by Laura Muntean, Texas A&M AgriLife Communications
COLLEGE STATION — A recent study revealed insect-killing nematodes also produce distinctive chemical cues that enhance plant defenses and deter Colorado potato beetles.
Entomologists from Texas A&M University, including Dr. Anjel Helms, who led the study, and Penn State University took a look at whether Colorado potato beetles and potato plants responded to the presence of entomopathogenic nematodes, EPNs, or insect-killing nematodes.
The study, “Chemical cues linked to risk: cues from below-ground natural enemies enhance plant defenses and influence herbivore behavior and performance,” focused on how organisms communicate using signals and cues, specifically how organisms eavesdrop on each other as part of their survival strategies, said Helms.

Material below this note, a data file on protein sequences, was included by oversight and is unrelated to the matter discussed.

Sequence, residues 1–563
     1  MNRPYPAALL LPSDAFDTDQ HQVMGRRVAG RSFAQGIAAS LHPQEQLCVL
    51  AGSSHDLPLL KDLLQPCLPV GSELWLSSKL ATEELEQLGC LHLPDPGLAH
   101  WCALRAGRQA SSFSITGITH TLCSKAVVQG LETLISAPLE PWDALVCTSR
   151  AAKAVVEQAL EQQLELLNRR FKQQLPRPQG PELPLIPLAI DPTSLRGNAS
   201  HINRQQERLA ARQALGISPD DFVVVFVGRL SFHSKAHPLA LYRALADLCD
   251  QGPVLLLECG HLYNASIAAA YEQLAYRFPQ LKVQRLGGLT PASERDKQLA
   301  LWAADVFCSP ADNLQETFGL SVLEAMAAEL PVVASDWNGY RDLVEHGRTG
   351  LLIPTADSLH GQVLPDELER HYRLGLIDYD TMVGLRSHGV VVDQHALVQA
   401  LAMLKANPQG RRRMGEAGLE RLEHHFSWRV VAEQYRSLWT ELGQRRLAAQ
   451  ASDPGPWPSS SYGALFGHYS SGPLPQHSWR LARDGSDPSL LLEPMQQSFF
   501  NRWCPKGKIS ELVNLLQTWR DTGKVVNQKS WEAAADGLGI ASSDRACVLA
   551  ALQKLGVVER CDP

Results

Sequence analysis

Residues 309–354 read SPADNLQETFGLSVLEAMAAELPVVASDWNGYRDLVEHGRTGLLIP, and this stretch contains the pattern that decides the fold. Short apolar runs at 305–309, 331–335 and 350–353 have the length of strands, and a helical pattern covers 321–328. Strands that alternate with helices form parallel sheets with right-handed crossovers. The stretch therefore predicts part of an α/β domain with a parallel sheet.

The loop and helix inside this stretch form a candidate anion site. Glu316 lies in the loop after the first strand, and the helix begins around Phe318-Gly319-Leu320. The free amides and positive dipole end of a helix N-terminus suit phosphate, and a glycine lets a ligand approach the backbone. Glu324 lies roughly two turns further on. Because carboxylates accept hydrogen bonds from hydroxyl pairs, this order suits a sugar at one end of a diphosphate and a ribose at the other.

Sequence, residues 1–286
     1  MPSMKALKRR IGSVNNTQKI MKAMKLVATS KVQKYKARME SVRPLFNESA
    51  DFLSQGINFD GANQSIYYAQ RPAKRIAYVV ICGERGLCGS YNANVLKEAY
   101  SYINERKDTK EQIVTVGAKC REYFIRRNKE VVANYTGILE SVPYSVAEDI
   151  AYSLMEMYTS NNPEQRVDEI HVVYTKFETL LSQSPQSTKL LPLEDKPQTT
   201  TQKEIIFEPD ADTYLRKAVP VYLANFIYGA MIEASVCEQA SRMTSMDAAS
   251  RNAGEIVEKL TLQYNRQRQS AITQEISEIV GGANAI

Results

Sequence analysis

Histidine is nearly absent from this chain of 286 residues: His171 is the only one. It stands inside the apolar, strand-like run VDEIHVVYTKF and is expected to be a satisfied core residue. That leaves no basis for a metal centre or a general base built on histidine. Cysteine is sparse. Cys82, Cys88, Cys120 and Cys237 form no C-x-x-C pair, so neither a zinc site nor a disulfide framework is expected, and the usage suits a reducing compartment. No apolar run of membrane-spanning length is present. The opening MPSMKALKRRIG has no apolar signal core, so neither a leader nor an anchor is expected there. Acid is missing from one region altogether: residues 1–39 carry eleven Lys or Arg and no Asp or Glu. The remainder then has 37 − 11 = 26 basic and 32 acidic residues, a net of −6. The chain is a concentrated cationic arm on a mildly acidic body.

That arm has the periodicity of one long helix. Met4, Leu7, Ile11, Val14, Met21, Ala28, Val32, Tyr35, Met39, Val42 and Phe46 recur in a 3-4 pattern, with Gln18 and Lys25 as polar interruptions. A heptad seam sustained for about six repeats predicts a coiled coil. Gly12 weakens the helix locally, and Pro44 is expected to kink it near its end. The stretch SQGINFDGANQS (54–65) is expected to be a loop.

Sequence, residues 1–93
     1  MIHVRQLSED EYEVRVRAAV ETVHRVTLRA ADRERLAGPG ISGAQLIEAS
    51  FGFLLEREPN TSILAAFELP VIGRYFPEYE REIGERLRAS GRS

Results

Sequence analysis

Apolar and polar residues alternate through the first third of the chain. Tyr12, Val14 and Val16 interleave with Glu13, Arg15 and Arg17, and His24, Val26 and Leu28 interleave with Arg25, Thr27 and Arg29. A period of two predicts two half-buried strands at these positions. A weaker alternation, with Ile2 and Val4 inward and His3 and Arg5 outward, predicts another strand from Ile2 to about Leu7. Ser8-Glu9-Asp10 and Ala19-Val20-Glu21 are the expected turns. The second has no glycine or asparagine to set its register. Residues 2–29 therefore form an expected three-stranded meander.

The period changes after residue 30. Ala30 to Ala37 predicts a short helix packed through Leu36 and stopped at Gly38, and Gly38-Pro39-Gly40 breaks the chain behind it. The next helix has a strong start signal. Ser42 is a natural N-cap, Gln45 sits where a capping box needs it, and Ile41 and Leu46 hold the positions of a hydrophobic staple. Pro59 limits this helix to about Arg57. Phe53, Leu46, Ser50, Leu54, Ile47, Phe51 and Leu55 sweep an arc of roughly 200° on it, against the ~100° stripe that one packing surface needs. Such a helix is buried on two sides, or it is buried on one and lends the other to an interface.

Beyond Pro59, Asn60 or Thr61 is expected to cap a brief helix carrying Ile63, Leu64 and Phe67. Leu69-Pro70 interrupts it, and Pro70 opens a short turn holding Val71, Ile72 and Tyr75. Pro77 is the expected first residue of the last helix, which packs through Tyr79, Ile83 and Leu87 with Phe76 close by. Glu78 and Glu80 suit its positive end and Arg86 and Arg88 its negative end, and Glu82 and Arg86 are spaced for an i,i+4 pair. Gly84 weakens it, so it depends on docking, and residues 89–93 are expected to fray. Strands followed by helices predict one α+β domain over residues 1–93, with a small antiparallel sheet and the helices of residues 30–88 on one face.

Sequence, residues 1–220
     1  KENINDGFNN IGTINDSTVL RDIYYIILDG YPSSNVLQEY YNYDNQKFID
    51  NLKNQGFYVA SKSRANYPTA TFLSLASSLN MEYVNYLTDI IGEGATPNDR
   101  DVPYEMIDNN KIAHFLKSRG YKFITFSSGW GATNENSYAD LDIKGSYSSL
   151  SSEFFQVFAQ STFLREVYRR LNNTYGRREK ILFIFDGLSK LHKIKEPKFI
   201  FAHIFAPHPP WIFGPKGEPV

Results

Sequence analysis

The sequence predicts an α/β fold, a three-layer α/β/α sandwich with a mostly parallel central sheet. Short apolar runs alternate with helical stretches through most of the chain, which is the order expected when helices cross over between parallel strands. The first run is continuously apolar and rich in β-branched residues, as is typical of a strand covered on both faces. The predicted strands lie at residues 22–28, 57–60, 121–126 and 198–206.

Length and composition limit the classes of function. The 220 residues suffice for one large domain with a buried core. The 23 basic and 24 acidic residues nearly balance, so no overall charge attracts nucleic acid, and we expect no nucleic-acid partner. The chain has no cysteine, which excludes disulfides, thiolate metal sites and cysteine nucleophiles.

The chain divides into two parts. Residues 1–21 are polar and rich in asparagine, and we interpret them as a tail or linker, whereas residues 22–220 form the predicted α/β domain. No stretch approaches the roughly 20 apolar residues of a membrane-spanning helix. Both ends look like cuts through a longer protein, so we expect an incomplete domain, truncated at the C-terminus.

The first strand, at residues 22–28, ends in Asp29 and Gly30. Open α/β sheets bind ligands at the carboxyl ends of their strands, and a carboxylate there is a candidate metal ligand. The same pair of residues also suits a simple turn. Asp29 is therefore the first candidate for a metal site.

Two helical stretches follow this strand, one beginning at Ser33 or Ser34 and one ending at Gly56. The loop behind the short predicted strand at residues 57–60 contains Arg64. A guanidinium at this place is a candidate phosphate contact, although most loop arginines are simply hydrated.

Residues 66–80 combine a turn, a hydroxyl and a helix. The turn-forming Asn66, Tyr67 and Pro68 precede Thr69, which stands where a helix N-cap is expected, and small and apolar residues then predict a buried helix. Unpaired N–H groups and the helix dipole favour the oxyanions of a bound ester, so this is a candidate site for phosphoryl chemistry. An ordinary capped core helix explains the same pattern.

“For this study, we wanted to flip things around and determine whether plants and insect herbivores can eavesdrop on chemical cues produced by a predator,” she said.
Throughout the study, Helms found that these insect-killing nematodes do produce distinctive chemical cues that both the plant and insect herbivores respond to. While the female Colorado potato beetles laid fewer eggs when the cues were present, the potato plant also increased its defenses.
This was especially important since the Colorado potato beetle is notorious for developing insecticide resistance, making them an especially devastating pest, she said.
“Although Colorado potato beetles feed above ground on plant leaves, they are susceptible to EPNs at all life stages,” she said.
While a beetle is not likely to come in contact with EPNs during most stages of life, it is most susceptible to EPNs while on the ground moving from plant to plant, or when entering the soil to pupate and emerge as an adult beetle.
The study also found that growers can experience additional benefits from using EPNs for biological control of insect pests.
“Not only are the EPNs directly killing insect pests in the soil, they also produce chemical cues that provide additional protection to plants,” Helms said. “They deter herbivores and enhance plant resistance to pests.”
For more information, view the study in the journal “Functional Ecology” here.